The Minnesota Supreme Court ordered a new defamation trial Wednesday for the man who sued two media outlets for reporting he was arrested and identified as a suspect in the fatal shooting of a Cold Spring police officer in 2012.
In a 5-2 decision, the court determined that fair and accurate reporting privilege provided by the First Amendment protects information provided by law enforcement at news conferences. But the court’s ruling set aside a jury verdict in favor of KARE 11 and the St. Cloud Times and sent the case back for a new trial regarding five of the 11 statements that Ryan Larson claimed were defamatory.
“It’s important the media be held accountable for defaming a private citizen,” Larson’s lawyer Stephen Fiebiger said. “We’re certainly glad to have the new trial ordered and the ability to have a new day in court.”
Steven Wells, who represents KARE 11 and the newspaper, said the media outlets were gratified that the court found that fair report privilege applies to law enforcement — something the high court had not yet done.
“But they’re disappointed the Supreme Court decided to overturn a jury verdict in our favor,” Wells said. “It’s very difficult to understand what the court has done.”
Wells said his clients are weighing their options, which include asking the state Supreme Court to rehear the issue of a new trial.
Larson, then 34, was arrested shortly after the November 2012 slaying of police officer Thomas Decker, who was shot twice while responding to Larson’s apartment on a welfare check. Larson was arrested that night, but he was later released and never charged in Decker’s death. Eric J. Thomes, a 31-year-old man later considered the investigation’s main focus, killed himself in early 2013 just as authorities were trying to find him for a formal interview.
Larson went on to sue several media outlets that reported on his arrest and named him as a suspect. While television stations WCCO and KSTP settled, KARE 11 and the St. Cloud Times went to trial in 2016. A jury found that while eight of the statements made by the station and newspaper defamed Larson, the reporting was accurate and no damages were awarded.
Among the statements: “Police say that man — identified as 34-year-old Ryan Larson — ambushed officer Decker and shot him twice — killing him.” “Investigators say 34-year-old Ryan Larson ambushed the officer, shooting him twice. Larson is in custody.”
After the trial, Judge Susan Burke granted Larson’s request for a new trial. She said the jury should have been allowed to consider a “defamation-by-implication” theory that the statements implied he killed Decker.
When the news outlets appealed Burke’s ruling, the Court of Appeals canceled the new trial. The Court of Appeals also reversed Burke, saying reporting privilege protected the news media in using the statements.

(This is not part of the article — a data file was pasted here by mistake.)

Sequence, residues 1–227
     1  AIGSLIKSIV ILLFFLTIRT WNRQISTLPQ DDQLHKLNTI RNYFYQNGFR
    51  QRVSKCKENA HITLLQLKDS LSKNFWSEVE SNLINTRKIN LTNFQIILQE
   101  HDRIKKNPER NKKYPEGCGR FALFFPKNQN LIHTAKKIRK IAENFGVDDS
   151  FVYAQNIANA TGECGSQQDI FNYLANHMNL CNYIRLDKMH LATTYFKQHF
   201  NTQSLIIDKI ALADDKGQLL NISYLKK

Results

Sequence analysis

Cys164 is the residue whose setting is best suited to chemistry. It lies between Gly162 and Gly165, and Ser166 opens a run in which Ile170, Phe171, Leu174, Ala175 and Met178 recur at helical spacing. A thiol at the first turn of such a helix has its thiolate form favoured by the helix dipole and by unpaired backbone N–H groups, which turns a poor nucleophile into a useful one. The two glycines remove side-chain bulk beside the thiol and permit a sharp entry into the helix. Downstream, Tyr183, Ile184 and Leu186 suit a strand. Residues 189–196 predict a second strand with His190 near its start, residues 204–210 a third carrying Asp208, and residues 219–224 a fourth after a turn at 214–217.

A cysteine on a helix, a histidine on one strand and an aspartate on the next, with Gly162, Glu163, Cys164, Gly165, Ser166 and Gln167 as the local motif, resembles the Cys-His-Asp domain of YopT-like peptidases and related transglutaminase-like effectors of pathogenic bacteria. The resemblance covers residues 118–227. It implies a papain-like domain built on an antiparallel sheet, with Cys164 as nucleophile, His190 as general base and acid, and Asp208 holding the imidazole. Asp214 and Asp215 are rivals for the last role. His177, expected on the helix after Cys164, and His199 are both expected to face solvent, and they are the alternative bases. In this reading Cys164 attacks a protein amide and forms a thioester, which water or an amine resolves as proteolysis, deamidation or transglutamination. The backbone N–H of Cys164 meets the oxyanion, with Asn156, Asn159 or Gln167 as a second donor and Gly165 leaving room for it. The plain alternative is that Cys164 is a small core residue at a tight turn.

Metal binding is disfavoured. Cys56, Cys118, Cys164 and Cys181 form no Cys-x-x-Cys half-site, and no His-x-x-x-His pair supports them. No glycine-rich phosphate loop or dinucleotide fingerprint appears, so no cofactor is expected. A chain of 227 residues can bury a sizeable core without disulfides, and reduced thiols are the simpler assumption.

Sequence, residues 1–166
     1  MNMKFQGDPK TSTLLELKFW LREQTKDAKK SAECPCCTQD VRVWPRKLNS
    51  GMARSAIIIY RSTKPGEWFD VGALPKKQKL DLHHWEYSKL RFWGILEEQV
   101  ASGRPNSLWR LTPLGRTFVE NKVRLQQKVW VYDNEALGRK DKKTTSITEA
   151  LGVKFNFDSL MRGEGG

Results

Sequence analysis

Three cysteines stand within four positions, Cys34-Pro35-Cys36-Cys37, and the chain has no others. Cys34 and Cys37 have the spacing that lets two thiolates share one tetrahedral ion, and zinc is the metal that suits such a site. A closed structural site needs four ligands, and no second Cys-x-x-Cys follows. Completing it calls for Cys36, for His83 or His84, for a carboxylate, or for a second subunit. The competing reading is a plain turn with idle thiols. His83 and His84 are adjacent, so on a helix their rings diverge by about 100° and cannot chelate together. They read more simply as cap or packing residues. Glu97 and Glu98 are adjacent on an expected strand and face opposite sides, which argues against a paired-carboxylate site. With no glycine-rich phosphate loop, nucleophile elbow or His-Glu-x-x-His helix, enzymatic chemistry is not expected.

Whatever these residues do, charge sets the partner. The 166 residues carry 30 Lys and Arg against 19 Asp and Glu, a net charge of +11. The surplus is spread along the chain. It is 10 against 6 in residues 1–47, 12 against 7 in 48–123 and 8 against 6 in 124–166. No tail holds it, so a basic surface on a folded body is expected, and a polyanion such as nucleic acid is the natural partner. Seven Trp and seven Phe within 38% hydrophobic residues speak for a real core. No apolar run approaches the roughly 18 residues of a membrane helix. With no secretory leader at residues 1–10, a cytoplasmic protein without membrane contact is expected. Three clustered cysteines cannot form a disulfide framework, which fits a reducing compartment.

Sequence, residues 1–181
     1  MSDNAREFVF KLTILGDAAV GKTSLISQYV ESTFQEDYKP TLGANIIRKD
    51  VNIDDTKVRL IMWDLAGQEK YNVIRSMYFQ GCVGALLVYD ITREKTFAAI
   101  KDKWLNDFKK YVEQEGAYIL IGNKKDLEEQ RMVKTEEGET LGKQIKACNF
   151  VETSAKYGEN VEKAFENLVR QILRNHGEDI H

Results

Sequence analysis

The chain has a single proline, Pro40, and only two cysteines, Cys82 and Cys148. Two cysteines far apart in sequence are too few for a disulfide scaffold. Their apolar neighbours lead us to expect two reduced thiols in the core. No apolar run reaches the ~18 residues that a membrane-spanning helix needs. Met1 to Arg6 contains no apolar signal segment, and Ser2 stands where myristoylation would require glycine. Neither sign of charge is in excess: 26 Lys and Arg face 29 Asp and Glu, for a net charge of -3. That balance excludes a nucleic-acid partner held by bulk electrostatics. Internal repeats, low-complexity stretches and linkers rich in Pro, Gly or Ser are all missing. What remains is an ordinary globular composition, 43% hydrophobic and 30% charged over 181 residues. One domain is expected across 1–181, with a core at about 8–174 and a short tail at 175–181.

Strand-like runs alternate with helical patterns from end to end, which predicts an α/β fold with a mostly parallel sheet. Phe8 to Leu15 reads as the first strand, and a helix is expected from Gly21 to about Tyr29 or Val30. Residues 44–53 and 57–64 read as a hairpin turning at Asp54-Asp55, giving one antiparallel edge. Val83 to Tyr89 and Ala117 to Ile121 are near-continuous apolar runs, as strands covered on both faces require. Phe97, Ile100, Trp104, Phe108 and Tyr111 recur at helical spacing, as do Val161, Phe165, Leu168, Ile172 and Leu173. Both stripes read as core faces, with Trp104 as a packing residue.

But while the Minnesota Supreme Court ruled that the fair reporting privilege applies, it can be breached in certain circumstances and that the jury in Larson’s case wasn’t adequately advised on those possibilities regarding five of the 11 statements. Therefore he is entitled to a new trial.
“The district court’s instructions did not make this distinction clear and therefore were misleading as to a crucial inquiry in this case,” the court said, adding that the error was “potentially prejudicial to Larson” and he is entitled to a new trial to determine whether privilege was defeated in five statements.
The key framing of the question for the jury, the court said, is: “Did the reported statements produce the same effect on the mind of the listener or the reader as the oral and written statements of the law enforcement officers at the press conference or in the news release?”
Instead, the jury was instructed to determine not the fairness and accuracy of the statements but the underlying question of whether Larson killed Decker, the ruling said.
Justice Margaret Chutich wrote for the majority that included Justices Natalie Hudson, David Lillehaug, Anne McKeig and Paul Thissen.
But Justice G. Barry Anderson dissented, joined by Justice Lorie Gildea. He argued that privilege was defeated in the first five statements “as a matter of law” because the statements were true, and that the ruling “tips that balance too far here in favor of the press, effectively immunizing the press from liability for falsely accusing a private citizen of murder.”
“Because of the court’s broad rule, any government official or employee will be able to call a press conference or disseminate a news release that defames private individuals and the press, with impunity, will be able to widely circulate that defamation.”
In making Larson’s case, Fiebiger had argued the defendants “invented their own version of the facts that fit with the story they wanted to broadcast and publish about Larson.”
Both news outlets deny those allegations and say any harm that came to Larson was due to law enforcement arresting him.
Mark Anfinson, the First Amendment lawyer who initially represented the media outlets, said the court’s finding of privilege was significant and important. “But unfortunately, the court really gets off in the weeds and makes its application far more complicated than it needs to be,” he said.
The ruling will chill some kinds of reporting and likely be expensive for the media to defend themselves in court, Anfinson said.
According to a filing in the case, after Larson’s arrest was made public, he dropped out of school, left his job and moved to escape the “embarrassment and humiliation."